2014: The Year We Landed on a Comet
Air Date: 11/25/2014
Run Time: 28:50
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- Mark McCaughrean, Senior Science Advisor, European Space Agency Directorate of Science and Robotic Exploration
Not just landed. Orbited, too. European Space Agency Senior Science Advisor Mark McCaughrean helps us celebrate the Rosetta orbiter and the Philae lander. Emily Lakdawalla prepares for the end of another spectacular ESA mission: Venus Express. Casey Dreier fills in for Bill Nye with news of two upcoming space events in Washington D.C. Another listener will win observing time from iTelescope on this week’s What’s Up segment with Bruce Betts and Mat Kaplan.
- More of Mark McCaughrean—Find out what Rosetta could have in common with Luke Skywalker at the end of its mission, along with plans for celebrating the comet's perihelion.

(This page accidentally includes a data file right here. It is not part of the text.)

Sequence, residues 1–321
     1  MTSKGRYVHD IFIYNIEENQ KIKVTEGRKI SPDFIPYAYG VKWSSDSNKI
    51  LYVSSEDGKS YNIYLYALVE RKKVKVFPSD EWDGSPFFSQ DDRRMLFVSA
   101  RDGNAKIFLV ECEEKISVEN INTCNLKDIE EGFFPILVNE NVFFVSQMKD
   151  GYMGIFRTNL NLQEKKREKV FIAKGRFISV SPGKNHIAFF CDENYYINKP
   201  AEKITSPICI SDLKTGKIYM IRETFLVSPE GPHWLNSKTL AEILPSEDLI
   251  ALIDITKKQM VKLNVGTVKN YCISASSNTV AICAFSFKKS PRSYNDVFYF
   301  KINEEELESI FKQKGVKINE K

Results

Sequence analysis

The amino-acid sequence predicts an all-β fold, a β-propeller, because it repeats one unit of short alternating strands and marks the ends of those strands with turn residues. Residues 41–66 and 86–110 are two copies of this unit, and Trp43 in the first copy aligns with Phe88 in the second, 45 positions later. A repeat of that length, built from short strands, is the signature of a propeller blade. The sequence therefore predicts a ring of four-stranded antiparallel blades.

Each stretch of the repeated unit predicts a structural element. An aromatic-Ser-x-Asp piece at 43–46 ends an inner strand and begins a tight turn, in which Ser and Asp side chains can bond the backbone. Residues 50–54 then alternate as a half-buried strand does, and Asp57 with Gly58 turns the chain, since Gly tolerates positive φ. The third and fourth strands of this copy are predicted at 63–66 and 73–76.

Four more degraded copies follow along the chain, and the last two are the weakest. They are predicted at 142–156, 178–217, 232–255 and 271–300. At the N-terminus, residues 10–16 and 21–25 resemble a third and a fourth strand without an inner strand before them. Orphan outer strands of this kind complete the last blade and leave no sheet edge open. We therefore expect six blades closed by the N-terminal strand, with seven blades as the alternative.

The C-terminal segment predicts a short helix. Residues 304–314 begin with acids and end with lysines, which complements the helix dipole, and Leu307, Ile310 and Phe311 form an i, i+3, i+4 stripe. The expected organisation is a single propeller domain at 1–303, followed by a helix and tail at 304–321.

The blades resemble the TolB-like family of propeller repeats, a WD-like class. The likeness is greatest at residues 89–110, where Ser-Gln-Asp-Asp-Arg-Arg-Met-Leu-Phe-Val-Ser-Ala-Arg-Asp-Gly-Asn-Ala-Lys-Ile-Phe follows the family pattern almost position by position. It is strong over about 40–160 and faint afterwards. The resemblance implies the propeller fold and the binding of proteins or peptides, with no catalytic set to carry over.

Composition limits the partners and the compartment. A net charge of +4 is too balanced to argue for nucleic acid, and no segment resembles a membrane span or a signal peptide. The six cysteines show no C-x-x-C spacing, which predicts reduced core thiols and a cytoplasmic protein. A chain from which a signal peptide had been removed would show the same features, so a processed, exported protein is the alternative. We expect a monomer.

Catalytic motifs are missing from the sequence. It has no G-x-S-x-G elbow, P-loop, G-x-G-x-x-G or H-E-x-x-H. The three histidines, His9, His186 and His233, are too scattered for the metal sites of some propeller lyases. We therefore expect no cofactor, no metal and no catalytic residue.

- “Ambition” – Short Science Fiction Film inspired by the Rosetta/Philae mission
- December 1 Space Café on Astrobiology
- December 2 Presentation in Dirksen Senate Office Building: The Future of Solar System Exploration
- Close to the End for Venus Express
This week's prize is another account loaded with 200 points (value of $200 US) for remotely-operated observing on the iTelescope.net worldwide network of instruments.
This week's question:
What are the TWO active region numbers assigned to the giant sunspot that was visible during the most recent partial solar eclipse. The second number was assigned when the region reappeared as the Sun rotated.
To submit your answer:
Complete the contest entry form at http://planetary.org/radiocontest or write to us at email@example.com no later than Tuesday, December 2, at 8am Pacific Time. Be sure to include your name and mailing address.
Last week's question:
What is the approximate mass of the Philae lander? Hint: It’s more than an ant.
The answer will be revealed next week.
Question from the week before:
When did the French Guiana Space Centre become operational?
The French Guiana Space Center became operational in 1968.